“Life is not an enterprise for sissies; the Irish know that, and they treat both themselves and others with a kind of benevolent roughness designed to prepare them for the world,” opines the distinguished jurist. He then tells a story about his first day at his Jesuit high school, Xavier in New York, then a military school, where Father Tom Matthews, an Irishman, mispronounced his first name “Antonin.” “Anyway, I shall never forget the first benevolently toughening Irish words he said to me: ‘Who’s your patron saint?’” Ok. Maybe you have to be Catholic to appreciate that one.
After bluntness, there is “constancy, in both friendships and in enmities. Justice Scalia is most certainly correct on this point. Just ask an Irishman about the British, and you get a long tirade on 700 years of oppression, displacement, religious oppression, massacre and famine. The Battle of the Boyne (1690) was, like, yesterday.
Scalia quotes what he calls “One of the most characteristic Irish prayers”:
May those who love us love us
And those that don’t love us,
May God turn their hearts.
May He turn their ankles,
So we’ll know them by their limping.
You can actually order a plaque with a version of this ditty on Amazon. Something to give to that certain someone for Christmas.
Scalia also discusses the Irish penchant for answering a question with a question under the heading of “lightheartedness. A result, no doubt of the depth of their belief in the hereafter. It is only a short time here, so there’s no use in taking it too seriously.” He once asked Chief Judge Howard Markey of the Federal Circuit, “Why does an Irishman always answer a question with a question?” Markey’s reply? “Why do you say that?”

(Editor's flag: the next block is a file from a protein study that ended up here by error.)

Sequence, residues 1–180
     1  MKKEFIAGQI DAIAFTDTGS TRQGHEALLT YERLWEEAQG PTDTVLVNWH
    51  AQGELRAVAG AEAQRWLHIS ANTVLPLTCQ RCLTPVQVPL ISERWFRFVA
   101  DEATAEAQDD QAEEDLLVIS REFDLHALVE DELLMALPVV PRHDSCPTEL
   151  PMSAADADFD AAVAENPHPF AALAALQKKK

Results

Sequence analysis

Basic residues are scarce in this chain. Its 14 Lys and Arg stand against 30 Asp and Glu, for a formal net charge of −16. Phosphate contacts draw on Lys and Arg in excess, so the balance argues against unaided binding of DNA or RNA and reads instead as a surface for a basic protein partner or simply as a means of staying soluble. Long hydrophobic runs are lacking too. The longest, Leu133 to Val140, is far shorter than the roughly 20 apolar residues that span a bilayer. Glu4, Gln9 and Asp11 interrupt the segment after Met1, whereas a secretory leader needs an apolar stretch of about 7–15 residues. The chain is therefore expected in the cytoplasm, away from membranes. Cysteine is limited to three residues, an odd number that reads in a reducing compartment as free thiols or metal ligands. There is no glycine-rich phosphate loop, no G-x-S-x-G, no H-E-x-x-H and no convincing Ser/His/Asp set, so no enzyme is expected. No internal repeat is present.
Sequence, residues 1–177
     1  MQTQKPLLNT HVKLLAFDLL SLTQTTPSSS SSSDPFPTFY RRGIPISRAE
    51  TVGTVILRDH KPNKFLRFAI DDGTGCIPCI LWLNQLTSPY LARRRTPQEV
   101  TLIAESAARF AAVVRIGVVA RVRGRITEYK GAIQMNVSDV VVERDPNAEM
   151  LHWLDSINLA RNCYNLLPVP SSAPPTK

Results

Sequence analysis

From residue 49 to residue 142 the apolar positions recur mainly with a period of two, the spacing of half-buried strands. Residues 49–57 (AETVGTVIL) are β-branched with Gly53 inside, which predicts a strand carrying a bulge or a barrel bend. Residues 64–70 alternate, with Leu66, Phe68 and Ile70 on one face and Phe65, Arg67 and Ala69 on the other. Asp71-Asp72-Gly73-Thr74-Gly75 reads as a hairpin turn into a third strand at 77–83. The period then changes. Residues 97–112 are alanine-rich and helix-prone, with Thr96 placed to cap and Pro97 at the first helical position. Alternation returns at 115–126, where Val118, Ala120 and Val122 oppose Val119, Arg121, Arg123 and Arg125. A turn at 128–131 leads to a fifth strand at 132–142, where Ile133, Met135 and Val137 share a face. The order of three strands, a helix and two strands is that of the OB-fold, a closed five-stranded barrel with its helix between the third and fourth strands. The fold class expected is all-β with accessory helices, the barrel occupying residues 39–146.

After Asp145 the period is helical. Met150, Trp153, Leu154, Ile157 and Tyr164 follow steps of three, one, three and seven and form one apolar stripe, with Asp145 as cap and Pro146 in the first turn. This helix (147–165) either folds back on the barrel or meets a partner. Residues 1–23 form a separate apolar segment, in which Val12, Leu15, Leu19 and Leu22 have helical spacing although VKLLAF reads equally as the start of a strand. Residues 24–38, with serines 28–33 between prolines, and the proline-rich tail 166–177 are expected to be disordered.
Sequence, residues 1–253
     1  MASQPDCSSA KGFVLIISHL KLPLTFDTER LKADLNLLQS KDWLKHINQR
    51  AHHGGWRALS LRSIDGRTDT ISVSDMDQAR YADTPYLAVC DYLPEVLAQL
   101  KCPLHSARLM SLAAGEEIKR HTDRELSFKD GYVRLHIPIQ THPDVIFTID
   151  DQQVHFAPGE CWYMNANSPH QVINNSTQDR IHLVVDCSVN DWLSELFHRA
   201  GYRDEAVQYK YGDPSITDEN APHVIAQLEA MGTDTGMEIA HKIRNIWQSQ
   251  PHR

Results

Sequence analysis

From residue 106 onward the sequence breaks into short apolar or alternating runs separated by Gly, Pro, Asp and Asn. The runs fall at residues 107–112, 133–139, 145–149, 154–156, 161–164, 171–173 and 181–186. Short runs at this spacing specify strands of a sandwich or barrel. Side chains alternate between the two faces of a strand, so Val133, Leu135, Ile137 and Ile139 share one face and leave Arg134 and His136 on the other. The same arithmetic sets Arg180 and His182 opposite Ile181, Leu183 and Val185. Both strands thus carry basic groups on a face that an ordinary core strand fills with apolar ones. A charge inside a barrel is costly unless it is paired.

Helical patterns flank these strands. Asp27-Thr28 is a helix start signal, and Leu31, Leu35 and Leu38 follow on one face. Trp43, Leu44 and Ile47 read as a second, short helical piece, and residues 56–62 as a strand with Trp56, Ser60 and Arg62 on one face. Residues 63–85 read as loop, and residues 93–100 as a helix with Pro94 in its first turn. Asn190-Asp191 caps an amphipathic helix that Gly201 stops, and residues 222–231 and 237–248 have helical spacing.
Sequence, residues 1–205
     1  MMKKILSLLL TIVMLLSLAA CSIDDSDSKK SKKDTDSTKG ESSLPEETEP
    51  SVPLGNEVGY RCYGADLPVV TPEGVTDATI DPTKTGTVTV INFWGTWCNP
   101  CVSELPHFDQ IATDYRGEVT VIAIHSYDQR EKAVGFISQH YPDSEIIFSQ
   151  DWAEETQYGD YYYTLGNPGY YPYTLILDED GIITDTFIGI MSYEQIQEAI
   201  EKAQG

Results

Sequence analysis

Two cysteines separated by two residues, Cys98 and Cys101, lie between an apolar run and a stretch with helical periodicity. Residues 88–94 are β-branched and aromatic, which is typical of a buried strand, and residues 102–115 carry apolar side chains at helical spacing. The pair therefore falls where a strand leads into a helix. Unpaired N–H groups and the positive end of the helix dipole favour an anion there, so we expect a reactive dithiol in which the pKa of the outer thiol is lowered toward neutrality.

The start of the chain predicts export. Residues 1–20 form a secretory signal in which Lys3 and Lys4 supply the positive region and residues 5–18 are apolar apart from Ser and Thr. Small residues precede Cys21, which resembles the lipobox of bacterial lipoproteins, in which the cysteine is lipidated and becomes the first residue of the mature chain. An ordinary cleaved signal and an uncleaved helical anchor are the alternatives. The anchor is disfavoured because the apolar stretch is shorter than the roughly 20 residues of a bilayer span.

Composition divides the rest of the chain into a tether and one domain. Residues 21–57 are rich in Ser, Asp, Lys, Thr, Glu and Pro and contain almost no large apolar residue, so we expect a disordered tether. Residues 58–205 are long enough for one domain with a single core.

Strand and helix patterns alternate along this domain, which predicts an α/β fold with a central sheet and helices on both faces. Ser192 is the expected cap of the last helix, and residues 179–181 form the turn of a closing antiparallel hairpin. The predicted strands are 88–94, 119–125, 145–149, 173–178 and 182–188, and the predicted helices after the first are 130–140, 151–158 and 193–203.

There is another school of thought on this practice of answering a question with a question held by certain Irish patriots I have met. They claim that, after centuries of oppression by the Brits, a certain wariness crept into the Irish character leading to a disinclination to answer a question with a direct answer. I swear.
In discussing the Irish’s quickness of intellect (“I know you would be annoyed if I did not mention it…”), Scalia notes their many ways of “seeming to be knowledgeable when they are not. One of course is lying.”
“Any other group would take offense at that — but I am sure that this gathering will proudly agree that nobody in the world can tell a glorious, toweringly false tale as well as an Irishman,” claims the Justice. “An Italian lie is often more subtle and deceptive, more likely to be believed. But if it is not believed, it is seen as a sneaky, unworthy, disreputable thing. The wonderful thing about a proper Irish lie is that it does not matter if it is believed. It is such a bold, courageous, imaginative invention that, even when you see through it, you are so impressed with the quality of mind that could concoct such nonsense that it is impossible to have anything but admiration for the author. That is the great strength of the Irish lie: It does not matter whether it is believed or not.”
Scalia also observes that the Irish will avoid answering a question by suggesting, evidently with varying degrees of subtlety, its “absurdity.” In support of this proposition, he tells the story of the Irish litigator during “the days of occupation” who was arguing a weak case when the English judge asks him, “Counsel, have you never heard of the maxim ‘Ratio est legis anima. Ratione legis mutata, mutatur et lex’?”
“Sure, me lord,” said the Irishman, “in the hills of Kilkenny we talk of little else.”
There is much truth, as well as Blarney, in Justice Scalia’s Italian view of the Irish. But his unerring sense of humor and irony covers a multitude of sins.
Happy St. Patrick’s Day!
G. Tracy Mehan, III, is an adjunct professor at Antonin Scalia Law School, George Mason University, and is part Irish and German with a dash of English and French Canadian.